In our modern, busy world are we like the shepherds? Are we as eager to see Jesus? Will we put aside our business, what is occupying our time to spend time with Him? We live in a world where everything revolves around our comfort. If there is a show or movie that folks aren’t all that interested in or anxious to see, they will say, “I’ll see it when it comes out on DVD.” What they are saying is, “I’m not going to fight the crowds or make the time to put myself out.” “I’ll do it later.” These shepherds weren’t like that. Everything was put on hold until they saw Jesus.
Once we have heard that Jesus Christ the Savior has come for us, to die for our sins, and we have experienced the Savior’s birth in our lives – to use that old reliable term once we are born again – knowing His forgiveness for our sin and having the indwelling of the Holy Spirit in our lives, there should be a desire to share what we have come to know and believe. Further on in Luke 2:17 it says, “Now when they had seen Him, they made widely known the saying which was told them concerning this Child. “ Now does it say that they told just a few friends? No, they spread the news. This was too good to keep a secret! Have you and I found this to be true? Is Jesus Christ too good to be kept a secret, to be kept to ourselves?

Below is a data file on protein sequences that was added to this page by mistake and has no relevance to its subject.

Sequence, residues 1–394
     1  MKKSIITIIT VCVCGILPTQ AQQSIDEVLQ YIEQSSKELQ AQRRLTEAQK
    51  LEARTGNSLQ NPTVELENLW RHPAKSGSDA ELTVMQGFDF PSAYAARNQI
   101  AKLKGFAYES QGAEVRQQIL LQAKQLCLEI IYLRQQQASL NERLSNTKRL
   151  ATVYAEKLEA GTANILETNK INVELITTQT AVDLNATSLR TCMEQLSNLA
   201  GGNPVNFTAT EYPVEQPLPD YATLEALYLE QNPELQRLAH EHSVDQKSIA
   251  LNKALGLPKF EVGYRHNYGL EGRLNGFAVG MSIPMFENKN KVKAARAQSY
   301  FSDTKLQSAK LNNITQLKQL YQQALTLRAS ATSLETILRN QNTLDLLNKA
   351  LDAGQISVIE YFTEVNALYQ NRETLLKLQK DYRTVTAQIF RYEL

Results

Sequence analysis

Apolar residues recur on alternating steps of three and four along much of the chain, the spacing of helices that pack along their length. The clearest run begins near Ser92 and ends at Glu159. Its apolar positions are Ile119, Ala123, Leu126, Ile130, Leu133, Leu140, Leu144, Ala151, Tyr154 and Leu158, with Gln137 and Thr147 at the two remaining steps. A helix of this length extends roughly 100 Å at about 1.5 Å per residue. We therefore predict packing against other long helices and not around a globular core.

The Word of God tells us that not only did Jesus Christ, the Son of God, come that first Christmas…it tells us that He is coming back again to receive into His kingdom all those who have placed their faith in Him for their forgiveness of their sins and their salvation. "Let not your heart be troubled; you believe in God, believe also in Me. In My Father's house are many mansions; if it were not so, I would have told you. I go to prepare a place for you. And if I go and prepare a place for you, I will come again and receive you to Myself; that where I am, there you may be also. (John 14:1-3).
Are you ready? Are you sharing the Good News like the shepherds so that people can hear? This can be difficult at times, but that is why He has given us God the Holy Spirit to help us to share. As we focus on the Lord and not detractors, we can share.